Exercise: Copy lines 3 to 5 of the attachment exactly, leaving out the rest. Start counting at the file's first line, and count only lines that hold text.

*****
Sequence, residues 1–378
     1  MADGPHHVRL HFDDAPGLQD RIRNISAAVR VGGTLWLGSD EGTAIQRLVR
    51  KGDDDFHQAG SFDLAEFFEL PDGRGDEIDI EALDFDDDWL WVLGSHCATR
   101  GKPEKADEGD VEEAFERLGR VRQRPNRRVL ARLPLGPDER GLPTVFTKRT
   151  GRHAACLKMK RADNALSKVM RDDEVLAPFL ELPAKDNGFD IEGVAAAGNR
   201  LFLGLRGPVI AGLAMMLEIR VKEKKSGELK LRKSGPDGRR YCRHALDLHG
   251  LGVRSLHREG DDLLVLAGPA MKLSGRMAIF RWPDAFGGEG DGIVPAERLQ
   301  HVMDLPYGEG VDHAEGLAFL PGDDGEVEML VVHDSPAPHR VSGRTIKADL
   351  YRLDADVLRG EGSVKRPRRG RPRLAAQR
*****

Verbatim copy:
    51  KGDDDFHQAG SFDLAEFFEL PDGRGDEIDI EALDFDDDWL WVLGSHCATR
   101  GKPEKADEGD VEEAFERLGR VRQRPNRRVL ARLPLGPDER GLPTVFTKRT
   151  GRHAACLKMK RADNALSKVM RDDEVLAPFL ELPAKDNGFD IEGVAAAGNR